Tramps of San Francisco

In search of San Francisco's forgotten histories

Who the Heck was Halleck?

When Doyle Drive was demolished to enable construction of the new Presidio Parkway, we lost an easy egress to Crissy Field. In its absence, we may be more aware now of the street’s name: Halleck Street.

We have two Halleck Streets in San Francisco, one in the Presidio and the other between Front and Leidesdorff in the Financial District. So, how did Halleck earn such notoriety?

H.W. Halleck (by Matthew Brady)

Henry Wage Halleck. Courtesy: NARA.gov.

Henry Wager Halleck (1815-1872) was a graduate of West Point who was appointed Commander in Chief of the Union Army (this after being so slow in his advance on Corinth, Mississippi that the Confederates just moseyed on out). He later became the Army’s Chief of Staff. Considered a better administrator than soldier, he was scathingly described by the Secretary of the Navy as “originates nothing, anticipates nothing  . . .  takes no responsibility, plans nothing, suggests nothing, is good for nothing.”

Fortunately for San Francisco, his administrative skills before the Civil War served the City well. Halleck arrived in California Territory in January 1847. He attended the state’s first constitutional convention in 1849 and helped craft the first constitution. He joined a law firm (Halleck, Peachy, & Billings) in San Francisco that handled Mexican land grant claims, which made him quite wealthy.

Following six devastating fires between 1849 and 1851, Halleck constructed the first fireproof building in San Francisco in 1852. Known as Halleck’s Folly, the Montgomery Block, located between Montgomery and Washington, was a four-story brick structure that took up nearly a full block, and at the time was the largest structure in the western United States. Built on what had been the mucky shores of Yerba Buena Cove just a couple of years earlier, Halleck’s Folly was the only brick structure to survive the 1906 earthquake and conflagration.

Montgomery Block was famously associated with (to name a few): Mark Twain, the Comstock barons, Jack London, Robert Louis Stevenson, A.P. Gianinni of the Bank of America, architect Willis Polk, and Sun Yat-sen (while he was planning the overthrow of the Manchu Dynasty in China). Sadly, the building was demolished in 1959 for a parking lot. The site is now occupied by the Transamerica Pyramid. A plaque in the lobby commemorates the original structure as a California State Historical Landmark.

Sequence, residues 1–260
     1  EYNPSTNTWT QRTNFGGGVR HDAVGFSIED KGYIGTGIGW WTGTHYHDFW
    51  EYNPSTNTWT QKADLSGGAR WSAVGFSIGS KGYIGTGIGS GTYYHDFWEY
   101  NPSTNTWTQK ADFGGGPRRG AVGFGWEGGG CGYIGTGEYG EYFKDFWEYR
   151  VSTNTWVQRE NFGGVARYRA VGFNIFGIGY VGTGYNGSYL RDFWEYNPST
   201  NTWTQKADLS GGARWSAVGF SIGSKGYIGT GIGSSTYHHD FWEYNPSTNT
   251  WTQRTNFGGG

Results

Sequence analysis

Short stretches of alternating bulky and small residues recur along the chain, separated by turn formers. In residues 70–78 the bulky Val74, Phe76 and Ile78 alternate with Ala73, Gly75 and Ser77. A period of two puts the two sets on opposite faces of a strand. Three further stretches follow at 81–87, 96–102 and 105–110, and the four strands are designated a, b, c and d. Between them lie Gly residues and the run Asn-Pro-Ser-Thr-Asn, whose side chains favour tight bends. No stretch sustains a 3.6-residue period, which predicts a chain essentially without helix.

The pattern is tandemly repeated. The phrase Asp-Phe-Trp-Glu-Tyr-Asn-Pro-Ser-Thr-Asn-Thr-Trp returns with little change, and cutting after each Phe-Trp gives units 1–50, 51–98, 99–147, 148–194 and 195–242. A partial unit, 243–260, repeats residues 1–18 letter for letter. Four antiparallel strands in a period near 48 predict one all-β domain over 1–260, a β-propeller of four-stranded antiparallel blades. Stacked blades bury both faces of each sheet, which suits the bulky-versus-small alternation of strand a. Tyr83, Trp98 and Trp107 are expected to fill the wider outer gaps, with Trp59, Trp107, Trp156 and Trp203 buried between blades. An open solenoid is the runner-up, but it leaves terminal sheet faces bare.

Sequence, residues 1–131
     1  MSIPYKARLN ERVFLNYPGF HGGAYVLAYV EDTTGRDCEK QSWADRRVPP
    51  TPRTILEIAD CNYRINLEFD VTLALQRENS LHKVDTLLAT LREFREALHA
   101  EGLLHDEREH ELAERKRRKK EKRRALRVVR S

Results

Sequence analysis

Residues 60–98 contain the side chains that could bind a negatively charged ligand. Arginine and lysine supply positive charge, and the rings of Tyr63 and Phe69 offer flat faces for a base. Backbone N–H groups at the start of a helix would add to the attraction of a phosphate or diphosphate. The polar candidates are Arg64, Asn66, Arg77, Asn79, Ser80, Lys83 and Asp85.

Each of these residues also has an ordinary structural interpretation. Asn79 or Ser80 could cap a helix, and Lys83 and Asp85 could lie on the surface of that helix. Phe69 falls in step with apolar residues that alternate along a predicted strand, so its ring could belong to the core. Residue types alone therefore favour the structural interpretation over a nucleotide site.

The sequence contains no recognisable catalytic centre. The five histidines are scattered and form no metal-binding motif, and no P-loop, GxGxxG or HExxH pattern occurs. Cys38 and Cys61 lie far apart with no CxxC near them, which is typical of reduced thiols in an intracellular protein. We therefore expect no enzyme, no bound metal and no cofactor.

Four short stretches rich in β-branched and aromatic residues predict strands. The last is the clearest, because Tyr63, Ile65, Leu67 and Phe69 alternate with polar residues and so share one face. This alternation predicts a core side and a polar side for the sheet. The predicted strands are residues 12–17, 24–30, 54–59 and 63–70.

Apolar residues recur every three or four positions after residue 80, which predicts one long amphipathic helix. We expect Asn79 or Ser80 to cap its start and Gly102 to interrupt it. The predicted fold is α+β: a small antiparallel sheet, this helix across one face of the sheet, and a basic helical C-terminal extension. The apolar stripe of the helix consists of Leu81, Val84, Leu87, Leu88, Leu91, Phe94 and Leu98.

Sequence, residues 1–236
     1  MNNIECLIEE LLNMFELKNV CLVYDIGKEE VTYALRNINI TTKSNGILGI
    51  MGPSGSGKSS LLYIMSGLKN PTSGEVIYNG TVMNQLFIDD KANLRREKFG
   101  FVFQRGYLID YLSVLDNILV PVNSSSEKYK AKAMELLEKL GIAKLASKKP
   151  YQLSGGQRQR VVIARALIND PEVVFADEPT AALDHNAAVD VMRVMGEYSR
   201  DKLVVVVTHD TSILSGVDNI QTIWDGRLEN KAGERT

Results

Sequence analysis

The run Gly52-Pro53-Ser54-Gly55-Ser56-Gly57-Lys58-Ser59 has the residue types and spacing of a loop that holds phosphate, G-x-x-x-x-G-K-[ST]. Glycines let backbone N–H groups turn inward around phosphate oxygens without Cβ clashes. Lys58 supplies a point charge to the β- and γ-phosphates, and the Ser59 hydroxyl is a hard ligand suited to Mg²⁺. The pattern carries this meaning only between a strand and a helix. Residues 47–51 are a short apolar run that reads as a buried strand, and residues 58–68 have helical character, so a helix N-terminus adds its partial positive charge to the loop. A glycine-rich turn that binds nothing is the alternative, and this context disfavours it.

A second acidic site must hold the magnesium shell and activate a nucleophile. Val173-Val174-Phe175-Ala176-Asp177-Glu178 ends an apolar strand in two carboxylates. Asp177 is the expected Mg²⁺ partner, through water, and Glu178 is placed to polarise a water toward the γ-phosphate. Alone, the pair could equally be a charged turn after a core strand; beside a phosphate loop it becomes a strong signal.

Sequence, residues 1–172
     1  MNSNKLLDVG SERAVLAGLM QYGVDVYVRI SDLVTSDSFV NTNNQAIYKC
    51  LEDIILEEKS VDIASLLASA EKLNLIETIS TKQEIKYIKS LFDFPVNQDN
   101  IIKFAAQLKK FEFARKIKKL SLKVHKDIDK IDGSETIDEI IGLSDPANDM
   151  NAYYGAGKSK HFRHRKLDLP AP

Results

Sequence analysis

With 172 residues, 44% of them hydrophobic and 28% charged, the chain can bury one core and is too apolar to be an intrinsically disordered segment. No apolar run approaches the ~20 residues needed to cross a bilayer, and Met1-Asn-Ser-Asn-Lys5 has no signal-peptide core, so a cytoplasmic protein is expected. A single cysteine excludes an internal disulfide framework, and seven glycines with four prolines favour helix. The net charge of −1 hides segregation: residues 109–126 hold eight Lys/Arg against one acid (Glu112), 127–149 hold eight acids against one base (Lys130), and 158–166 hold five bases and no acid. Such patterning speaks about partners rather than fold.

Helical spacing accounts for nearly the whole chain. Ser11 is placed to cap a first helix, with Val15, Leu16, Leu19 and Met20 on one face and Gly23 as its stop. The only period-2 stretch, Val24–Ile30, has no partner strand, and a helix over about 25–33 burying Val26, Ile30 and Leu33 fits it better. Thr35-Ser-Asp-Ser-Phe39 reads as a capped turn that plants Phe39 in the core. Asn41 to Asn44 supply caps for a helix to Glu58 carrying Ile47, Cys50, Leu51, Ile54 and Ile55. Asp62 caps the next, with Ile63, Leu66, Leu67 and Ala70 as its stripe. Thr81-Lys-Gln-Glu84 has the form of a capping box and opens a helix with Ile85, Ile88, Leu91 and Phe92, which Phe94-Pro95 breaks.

So, when Presidio Parkway is completed in 2015, we’ll hail the return of the Presidio’s Halleck Street in a grander form, running over the top of the new Main Post Tunnels. In the meantime, you can also pay homage to Halleck’s statue near John F. Kennedy Drive and Bowling Green Drive in Golden Gate Park.


View The Halleck Streets of San Francisco in a larger map


Sources

  1. The Civil War Trust.
  2. National Archives and Records Administration, Washington, DC. Identifier 528760. Series : Mathew Brady Photographs of Civil War-Era Personalities and Scenes, compiled 1921 – 1940, documenting the period 1860 – 1865. Record Group 111: Records of the Office of the Chief Signal Officer, 1860 – 1985.
  3. Soulé F, Gihon JH, Nisbet J. The Annals of San Francisco, 1855 (Facsimile edition, 1998).
  4. Hatfield D. Transamerica Pyramid a controversial building. San Francisco Examiner, February 18, 1999.
  5. Smith, H. The Monkey Block. Foundsf.org.
  6. California Office of Historic Preservation.
  7. PresidioParkway.org.

© 2012. Evelyn Rose, Tramps of San Francisco.    Last update August 12, 2012.

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